Tuesday, October 15, 2019

Preterist Archive: Martin Luther's Attitude Toward The Jews

The Preterist Archive has resurrected one of my old papers: Martin Luther's Attitude Toward The Jews (2005).  I appreciate that! for the last few years, the paper has only been available via the Internet Archive. No, I'm not a Preterist (as the term is popularly understood), but the Preterist Archive does in fact have some very useful research and materials available, whatever one's eschatological underpinnings may be. I stand amazed at how long the site has been going and how often it's updated. It certainly appears to be a true labor of love on behalf of the site's owner.

The paper was a personal research project. The materials used at the time were largely those found in a number of libraries, particularly Westminster Theological Seminary (Philadelphia).  Originally, the paper was hosted on Eric Svendsen's NTR.Min.org (still available via the Internet Archive). Svendsen took his site down some time around 2009-2010 (see my comments here).

Since 2005, there's been quite an online information explosion! I wonder what my paper would be like now if I were to compose it again. My position on Luther's attitude towards the Jews is still basically the same as that presented in 2005. However, over the years my position has changed as to whether or not Luther himself was an anti-Semite.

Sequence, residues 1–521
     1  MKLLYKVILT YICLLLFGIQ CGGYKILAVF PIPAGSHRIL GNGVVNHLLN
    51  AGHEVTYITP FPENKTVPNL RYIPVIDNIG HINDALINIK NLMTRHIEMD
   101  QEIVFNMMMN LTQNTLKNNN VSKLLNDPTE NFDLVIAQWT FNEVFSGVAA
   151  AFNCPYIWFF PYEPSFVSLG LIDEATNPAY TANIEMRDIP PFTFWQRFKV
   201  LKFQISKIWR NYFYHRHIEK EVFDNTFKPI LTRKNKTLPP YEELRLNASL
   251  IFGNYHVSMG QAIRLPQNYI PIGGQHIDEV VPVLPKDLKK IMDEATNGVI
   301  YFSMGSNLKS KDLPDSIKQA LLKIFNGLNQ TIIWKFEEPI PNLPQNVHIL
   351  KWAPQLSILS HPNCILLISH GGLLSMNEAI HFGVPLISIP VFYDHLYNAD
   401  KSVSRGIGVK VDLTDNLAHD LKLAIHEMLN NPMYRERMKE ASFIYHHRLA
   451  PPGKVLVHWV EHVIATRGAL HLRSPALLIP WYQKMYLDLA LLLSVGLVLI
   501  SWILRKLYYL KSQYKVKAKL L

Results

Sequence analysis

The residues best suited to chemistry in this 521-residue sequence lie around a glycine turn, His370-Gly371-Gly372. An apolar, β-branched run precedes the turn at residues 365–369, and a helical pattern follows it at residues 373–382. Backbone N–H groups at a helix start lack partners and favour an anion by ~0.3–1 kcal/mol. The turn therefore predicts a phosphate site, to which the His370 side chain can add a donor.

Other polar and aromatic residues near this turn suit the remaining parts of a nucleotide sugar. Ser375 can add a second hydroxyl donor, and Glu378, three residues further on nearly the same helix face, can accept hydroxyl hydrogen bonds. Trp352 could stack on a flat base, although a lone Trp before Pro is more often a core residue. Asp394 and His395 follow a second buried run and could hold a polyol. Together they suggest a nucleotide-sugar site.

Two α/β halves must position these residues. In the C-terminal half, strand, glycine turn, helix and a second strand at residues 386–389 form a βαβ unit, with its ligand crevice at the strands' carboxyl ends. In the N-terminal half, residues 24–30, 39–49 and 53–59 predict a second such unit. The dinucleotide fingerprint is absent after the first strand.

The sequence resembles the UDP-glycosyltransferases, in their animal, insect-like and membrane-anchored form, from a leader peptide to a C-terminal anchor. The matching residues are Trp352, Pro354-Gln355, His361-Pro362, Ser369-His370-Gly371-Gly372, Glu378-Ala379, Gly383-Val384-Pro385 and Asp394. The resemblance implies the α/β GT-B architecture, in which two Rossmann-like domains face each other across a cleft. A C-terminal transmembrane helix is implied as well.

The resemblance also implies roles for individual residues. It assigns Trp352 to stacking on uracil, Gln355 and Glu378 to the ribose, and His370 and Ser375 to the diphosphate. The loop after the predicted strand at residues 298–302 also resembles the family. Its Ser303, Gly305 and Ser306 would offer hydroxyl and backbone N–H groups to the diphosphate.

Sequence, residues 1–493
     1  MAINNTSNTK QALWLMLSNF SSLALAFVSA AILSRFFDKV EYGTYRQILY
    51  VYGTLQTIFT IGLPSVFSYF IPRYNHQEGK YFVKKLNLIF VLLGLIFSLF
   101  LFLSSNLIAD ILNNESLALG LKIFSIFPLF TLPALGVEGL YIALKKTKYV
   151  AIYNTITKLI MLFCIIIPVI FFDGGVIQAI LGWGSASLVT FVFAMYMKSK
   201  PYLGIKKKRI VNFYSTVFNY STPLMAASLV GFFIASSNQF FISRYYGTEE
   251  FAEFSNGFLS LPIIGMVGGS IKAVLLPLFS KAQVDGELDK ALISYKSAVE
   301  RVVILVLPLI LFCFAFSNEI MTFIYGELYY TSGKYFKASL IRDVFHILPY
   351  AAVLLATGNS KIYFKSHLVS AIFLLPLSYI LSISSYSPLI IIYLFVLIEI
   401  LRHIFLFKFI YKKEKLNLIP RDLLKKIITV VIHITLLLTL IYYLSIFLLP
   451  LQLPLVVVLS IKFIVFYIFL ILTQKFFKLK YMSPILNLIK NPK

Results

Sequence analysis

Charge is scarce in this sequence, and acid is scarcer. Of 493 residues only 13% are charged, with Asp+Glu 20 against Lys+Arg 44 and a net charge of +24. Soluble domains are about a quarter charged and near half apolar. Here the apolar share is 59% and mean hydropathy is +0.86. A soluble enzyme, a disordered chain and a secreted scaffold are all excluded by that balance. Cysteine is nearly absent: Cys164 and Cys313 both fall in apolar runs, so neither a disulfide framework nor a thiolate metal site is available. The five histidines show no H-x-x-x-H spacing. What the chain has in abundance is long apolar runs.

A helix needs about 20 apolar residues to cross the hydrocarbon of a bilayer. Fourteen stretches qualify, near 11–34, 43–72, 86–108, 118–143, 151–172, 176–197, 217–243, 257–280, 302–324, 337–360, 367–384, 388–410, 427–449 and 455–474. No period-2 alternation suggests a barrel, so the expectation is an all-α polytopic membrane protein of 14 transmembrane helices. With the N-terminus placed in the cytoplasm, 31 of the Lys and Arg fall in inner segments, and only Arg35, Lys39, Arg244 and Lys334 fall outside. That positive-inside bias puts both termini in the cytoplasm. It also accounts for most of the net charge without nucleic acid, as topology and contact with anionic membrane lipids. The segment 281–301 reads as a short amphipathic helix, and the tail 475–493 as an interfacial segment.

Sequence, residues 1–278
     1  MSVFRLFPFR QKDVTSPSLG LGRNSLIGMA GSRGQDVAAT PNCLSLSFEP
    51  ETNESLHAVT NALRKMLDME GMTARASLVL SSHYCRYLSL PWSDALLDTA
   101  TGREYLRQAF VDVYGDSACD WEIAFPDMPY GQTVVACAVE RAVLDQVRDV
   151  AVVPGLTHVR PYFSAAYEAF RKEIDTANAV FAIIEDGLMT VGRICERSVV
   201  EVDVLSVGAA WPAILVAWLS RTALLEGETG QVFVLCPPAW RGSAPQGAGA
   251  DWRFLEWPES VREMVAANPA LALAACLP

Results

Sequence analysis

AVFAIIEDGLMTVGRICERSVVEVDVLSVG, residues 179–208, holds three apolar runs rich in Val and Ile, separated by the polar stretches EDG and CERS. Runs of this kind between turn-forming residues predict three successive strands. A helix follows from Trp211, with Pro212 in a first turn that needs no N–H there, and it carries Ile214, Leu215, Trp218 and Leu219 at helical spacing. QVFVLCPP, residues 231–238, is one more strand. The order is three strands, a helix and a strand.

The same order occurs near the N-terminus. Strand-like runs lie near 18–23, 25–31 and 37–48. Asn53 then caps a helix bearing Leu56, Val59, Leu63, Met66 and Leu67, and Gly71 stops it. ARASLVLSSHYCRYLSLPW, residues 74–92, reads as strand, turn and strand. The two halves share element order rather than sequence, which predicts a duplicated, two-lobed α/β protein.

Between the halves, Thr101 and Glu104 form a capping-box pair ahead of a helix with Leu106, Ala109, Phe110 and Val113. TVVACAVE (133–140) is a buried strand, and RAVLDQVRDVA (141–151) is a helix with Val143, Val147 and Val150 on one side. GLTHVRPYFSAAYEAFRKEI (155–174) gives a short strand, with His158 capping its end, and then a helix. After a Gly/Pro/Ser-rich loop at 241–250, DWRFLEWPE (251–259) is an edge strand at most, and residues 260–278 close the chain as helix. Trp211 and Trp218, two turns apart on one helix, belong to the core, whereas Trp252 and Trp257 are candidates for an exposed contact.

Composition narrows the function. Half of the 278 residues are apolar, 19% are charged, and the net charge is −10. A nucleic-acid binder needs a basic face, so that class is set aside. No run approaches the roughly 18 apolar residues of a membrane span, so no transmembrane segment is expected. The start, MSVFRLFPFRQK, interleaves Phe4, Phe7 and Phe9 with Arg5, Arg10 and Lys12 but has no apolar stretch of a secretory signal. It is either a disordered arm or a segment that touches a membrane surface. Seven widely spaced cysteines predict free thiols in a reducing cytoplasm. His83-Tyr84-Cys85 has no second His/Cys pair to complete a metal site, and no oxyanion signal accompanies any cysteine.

There have been a number of researchers who conclude Luther's later anti-Jewish tracts were written from a position different than current (or modern-day) Antisemitism. Luther was born into a society that was anti-Judaic, but it was not the current anti-Judaic type of society that bases it racism on biological factors. Luther had no objections to integrating converted Jews into Christian society. He had nothing against Jews as “Jews.” He had something against their religion because he believed it denied and blasphemed Christ. If one frames the issues with these categories, Luther was not Antisemitic.

Post World War II though, there has been much discussion about the nuances and etymology of the term Antisemitism. The contemporary use of the word "Antisemitism" does not typically have its distinction from anti-Judaism considered. The word now has a more broad meaning including anti-Judaism. The debate centers around whether the evolved use of the term is a significant step towards describing previous history or if it's setting up an anachronistic standard for evaluating previous history [see my entry here in regard to Eric Gritsch, Martin Luther's Anti-Semitism: Against His Better Judgment (Grand Rapids: Eerdmans, 2012)]. As I've looked at this issue from time to time, I'm thinking more along the lines of Gritsch's revised view rather than what I wrote back in 2005. I accept the modern definition of Antisemitism, and I think that it does include anti-Judaism. While Luther may have been primarily against the religion of Judaism, his harsh recommendations could have effected Jewish people as human beings as well.